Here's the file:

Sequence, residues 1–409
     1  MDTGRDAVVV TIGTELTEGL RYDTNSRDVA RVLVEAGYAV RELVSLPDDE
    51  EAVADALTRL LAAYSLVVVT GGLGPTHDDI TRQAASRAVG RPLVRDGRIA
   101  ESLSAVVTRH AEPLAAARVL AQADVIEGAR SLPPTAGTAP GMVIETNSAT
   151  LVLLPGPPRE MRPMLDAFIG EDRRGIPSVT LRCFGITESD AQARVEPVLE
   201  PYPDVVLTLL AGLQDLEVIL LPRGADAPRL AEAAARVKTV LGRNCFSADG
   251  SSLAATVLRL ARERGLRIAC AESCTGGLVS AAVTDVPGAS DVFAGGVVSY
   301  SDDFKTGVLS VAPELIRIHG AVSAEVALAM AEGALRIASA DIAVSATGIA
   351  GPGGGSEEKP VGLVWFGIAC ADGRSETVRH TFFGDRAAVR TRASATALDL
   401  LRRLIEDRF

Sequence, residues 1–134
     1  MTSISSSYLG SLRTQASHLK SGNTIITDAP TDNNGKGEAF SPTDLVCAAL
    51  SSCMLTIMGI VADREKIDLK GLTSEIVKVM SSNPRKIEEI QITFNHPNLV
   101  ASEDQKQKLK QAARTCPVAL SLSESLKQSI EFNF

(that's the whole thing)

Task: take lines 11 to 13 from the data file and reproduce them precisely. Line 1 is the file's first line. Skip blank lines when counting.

Sequence, residues 1–134
     1  MTSISSSYLG SLRTQASHLK SGNTIITDAP TDNNGKGEAF SPTDLVCAAL
    51  SSCMLTIMGI VADREKIDLK GLTSEIVKVM SSNPRKIEEI QITFNHPNLV